Joining me on the couch today is author Elen Ghulam, who has managed to combine two of my favourite things — food and fiction — into a book. Thank you, Elen, for taking the time to chat to me. Please sit down, get comfortable and let’s begin.
About Elen Ghulam
Elen Ghulam is an Iraqi-Canadian living in Vancouver B.C. She worked as a computer programmer for 18 years before turning to writing fiction. Telling stories to silicon chips proved to be easy, and so she graduated to amusing humans. She is a passionate blogger at www.ihath.com.
What’s the name of your new book?
Tell us a bit about your book
Thaniya Rasid grew up in the Middle East dreaming of becoming a surgeon. Now living an ordinary life as a mother, wife and a hospital lab tech in Vancouver, Canada, she garners unexpected fame as youTube’s Queen of Hummus when her video demonstrating the recipe goes viral. How could blending chickpeas in a food processor generate so much excitement? And how could her life have ended up so far away from all her expectations?
To make sense of the unlikely events that have brought her to this place, Thaniya turns to food, curating memorable eating experiences of her life, searching for clues. Between her childhood aversion to cucumbers, her search for an authentic Iraqi kubeh in the city of Jerusalem, her 10-year tomato wars with her husband Samih, a mood altering encounter with a blood pudding in Edinburgh, and a Kafkaesque nightmare involving a cauliflower, Thaniya unravels repeated patterns occurring in her life. The secrets of love, friendship and destiny hidden in her cauldron of mishmashed cultures begin to reveal themselves.
Where do your ideas come from?
Ideas always come from the most unexpected places. With Spoonful Chronicles it all started with hummus. Many years ago, I uploaded a video demonstrating how to make the middle eastern recipe. The responses came from far and wide. More surprising were all the responses that had nothing to do with food or cooking. Emails that started with “Your video changed my life” or “You recipe saved my marriage” left me baffled. It all got distilled through the filter of my imagination into an outrageous short story about a woman who experiences existential crisis after making a hummus video. Which led to an angry short story about falafel. By the time I was writing a short story about a marriage falling apart over a shahshuka recipe (eggs cooked in stewed tomatoes) I knew I had the start of a whole novel.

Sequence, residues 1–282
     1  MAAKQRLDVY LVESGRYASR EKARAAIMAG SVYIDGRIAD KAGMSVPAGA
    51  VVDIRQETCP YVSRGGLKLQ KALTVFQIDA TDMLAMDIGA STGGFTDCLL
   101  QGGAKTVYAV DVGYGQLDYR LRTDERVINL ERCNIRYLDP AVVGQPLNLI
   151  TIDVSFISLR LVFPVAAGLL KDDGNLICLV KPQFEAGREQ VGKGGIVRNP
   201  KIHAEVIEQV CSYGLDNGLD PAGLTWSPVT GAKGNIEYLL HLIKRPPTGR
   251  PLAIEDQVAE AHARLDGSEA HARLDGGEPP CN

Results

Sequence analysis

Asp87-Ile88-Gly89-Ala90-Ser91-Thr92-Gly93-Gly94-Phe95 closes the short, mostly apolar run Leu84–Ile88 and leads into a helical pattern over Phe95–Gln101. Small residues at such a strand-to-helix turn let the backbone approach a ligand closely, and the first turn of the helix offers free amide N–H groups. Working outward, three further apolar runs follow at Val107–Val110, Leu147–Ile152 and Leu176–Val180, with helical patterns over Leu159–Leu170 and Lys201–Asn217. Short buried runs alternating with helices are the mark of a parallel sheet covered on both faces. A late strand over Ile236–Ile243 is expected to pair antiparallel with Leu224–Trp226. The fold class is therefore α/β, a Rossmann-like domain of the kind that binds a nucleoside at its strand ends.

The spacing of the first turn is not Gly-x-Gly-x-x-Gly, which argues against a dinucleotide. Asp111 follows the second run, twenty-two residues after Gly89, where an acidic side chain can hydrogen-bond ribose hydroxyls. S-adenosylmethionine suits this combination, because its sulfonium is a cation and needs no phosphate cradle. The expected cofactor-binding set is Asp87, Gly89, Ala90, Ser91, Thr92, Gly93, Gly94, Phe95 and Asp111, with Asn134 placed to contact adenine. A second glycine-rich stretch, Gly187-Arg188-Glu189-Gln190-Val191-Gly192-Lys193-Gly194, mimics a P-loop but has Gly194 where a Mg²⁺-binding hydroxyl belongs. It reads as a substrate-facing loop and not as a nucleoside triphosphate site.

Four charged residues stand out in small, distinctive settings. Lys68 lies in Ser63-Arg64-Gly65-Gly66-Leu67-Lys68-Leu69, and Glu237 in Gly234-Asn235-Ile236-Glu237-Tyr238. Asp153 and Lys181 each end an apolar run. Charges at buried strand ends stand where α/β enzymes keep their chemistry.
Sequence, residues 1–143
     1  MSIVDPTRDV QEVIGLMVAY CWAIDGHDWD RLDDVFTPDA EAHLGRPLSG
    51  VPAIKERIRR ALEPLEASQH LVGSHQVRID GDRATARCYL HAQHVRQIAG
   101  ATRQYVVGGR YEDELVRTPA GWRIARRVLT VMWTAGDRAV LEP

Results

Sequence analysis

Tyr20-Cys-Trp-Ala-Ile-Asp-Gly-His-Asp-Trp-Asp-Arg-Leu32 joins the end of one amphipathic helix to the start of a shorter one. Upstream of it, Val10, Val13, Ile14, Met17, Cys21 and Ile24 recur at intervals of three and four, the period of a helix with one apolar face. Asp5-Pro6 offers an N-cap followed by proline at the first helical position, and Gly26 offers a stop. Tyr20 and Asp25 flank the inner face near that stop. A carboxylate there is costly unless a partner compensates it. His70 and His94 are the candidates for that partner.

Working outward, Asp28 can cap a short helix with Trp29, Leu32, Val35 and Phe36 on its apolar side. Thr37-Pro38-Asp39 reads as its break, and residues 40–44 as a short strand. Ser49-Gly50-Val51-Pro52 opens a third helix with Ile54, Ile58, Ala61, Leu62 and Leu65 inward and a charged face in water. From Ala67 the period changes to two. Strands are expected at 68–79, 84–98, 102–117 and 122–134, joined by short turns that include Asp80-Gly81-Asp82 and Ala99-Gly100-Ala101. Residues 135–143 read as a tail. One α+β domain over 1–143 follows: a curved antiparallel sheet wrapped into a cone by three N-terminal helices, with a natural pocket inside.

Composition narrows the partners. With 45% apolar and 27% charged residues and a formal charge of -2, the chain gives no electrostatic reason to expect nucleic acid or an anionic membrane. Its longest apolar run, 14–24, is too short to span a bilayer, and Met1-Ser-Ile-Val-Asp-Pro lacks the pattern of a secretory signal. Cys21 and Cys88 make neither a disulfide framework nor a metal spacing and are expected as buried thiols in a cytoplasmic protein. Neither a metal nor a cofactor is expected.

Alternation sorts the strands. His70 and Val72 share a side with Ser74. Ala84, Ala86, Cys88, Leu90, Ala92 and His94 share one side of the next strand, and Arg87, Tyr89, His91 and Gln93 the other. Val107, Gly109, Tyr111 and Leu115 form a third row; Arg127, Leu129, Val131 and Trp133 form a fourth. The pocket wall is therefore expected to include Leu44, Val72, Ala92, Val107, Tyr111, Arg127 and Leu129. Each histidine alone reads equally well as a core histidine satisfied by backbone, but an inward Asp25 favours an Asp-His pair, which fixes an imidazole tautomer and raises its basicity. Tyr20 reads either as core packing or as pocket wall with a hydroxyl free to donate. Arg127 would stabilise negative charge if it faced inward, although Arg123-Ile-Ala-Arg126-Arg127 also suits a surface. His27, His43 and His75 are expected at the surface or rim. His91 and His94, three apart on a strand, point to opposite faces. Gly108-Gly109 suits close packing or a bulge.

Isn’t life strange? I sent into the world a simple recipe video and got back a novel.
What do you think of book trailers? Do you have a trailer or do you intend to create one for your own book?
I try to create interesting and unique book trailers for my books. Here is an example:
Do you read reviews of your book(s)? Do you respond to them, good or bad? How do you deal with the bad?
I read all the reviews. Both good and bad. I wish I was the sort of person that could honestly say: “I ignore all the bad reviews.” But I am not. The harsh reviews effect me much more that I would like to admit. I have spent hours in bed, crying and feeling sorry for myself as a result of a negative review. I realize that this behavior is childish. I should toughen up and develop thicker skin. I am yet to discover how to make rejection hurt less.
Can you give us a few tasty morsels from your work-in-progress?
I am working on a novel called “Car on a Bus”. It uses traffic as a metaphor for life and tells the story of how impossible it is to get over heart break.
What’s something you’re really good at that few people know about?
I am an ok flamenco dancer. You can watch me perform in this video: https://youtu.be/HMpkLIPrlGE
Dancing is a source of inspiration for my writing.
What’s an interesting fact about your book?
The reader can receive a list of recipes connected to the novel. I have set up a mailing list where recipes shall be mailed directly to the reader’s inbox on a weekly basis. That way you can read the novel and eat it too.
Available formats: ebook and paperback